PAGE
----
Moscow's energy revenues rebounded in April to their highest levels since last November, the Finland-based CREA has found
Russia's earnings from oil exports have been on the rise in recent months despite the G7 price cap and other restrictions imposed by the West, a new study by the Finnish Centre for Research on Energy and Clean Air (CREA) has found.
According to the think tank, Russia's oil revenues began recovering in March after a sharp drop in February when the G7 price caps on the country's oil and refined petroleum products and the EU import ban on its seaborne oil took effect. In April, revenues rose a further 6% month-on-month, reaching their highest level since last November.
Experts say that while the current revenues are still substantially below where they were at the same time last year, the upward trend indicates that Western sanctions on Russia's oil exports are losing momentum.
"Russia's export revenue in April was down substantially year-on-year, mainly due to the impact of the EU import ban and lower oil prices... However, Russia was able to export its main crude oil variety [Urals], for the first time, at prices that were systematically above the price cap level," Lauri Myllyvirta, lead analyst at CREA, told CNBC. He noted that this had exposed "major gaps" in the enforcement of the price cap policy, adding that if they are not fixed "this risks breaking the price cap mechanism for good."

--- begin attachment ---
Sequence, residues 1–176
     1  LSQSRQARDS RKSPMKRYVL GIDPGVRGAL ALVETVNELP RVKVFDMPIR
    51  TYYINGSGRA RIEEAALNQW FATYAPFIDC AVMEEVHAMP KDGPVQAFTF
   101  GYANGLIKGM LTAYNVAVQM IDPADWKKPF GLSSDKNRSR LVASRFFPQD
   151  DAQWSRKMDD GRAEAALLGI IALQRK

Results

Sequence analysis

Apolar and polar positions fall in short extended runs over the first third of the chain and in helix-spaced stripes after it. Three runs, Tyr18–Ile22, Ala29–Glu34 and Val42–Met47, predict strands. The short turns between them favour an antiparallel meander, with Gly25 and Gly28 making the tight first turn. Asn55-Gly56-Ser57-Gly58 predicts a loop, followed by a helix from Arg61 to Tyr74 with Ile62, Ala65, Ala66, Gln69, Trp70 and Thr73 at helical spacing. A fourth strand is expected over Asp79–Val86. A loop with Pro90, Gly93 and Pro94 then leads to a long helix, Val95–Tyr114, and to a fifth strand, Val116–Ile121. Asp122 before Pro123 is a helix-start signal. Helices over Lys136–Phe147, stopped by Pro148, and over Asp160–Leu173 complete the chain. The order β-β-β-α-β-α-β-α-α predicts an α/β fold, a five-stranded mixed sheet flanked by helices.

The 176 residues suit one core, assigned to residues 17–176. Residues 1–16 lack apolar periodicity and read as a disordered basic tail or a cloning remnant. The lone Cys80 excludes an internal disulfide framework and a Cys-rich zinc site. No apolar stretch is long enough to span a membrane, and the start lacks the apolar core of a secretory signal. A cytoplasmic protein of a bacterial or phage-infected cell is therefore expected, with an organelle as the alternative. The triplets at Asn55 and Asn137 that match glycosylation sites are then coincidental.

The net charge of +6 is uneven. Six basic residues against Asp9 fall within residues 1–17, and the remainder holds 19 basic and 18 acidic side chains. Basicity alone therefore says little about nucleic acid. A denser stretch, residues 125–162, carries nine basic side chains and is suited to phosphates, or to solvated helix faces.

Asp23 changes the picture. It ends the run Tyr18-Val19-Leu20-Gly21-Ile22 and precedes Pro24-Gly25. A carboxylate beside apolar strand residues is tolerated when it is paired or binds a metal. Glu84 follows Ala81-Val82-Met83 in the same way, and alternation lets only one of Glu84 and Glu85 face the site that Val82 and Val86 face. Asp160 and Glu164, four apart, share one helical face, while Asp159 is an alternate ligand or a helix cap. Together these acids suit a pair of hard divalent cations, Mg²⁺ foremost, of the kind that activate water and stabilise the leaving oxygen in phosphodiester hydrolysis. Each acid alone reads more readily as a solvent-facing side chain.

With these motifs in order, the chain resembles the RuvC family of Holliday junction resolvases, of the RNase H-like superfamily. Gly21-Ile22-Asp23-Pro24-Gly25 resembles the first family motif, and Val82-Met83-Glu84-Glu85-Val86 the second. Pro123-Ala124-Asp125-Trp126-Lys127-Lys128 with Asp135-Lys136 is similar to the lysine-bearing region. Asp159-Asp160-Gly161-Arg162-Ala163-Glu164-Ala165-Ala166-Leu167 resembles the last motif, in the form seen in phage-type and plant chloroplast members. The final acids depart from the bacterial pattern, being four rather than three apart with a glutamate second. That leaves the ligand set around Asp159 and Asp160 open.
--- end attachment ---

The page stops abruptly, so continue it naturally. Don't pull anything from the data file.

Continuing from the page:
CREA data showed that in total, Russia has generated an estimated 58 billion ($62.5 billion) in oil export revenue since the import ban and price caps came into force. Analysts noted that the rebound in revenue was driven by an increase in export prices, a circumstance attributable to the West having set the price caps too high.
"Russian revenues could have been slashed by 22 billion (37%) by setting the price cap for crude oil at $30 per barrel [instead of $60] and revising the caps for oil products accordingly," the CREA analysts wrote.
They noted that a further recovery in Russia's oil earnings "would damage the impact and credibility of the sanctions."
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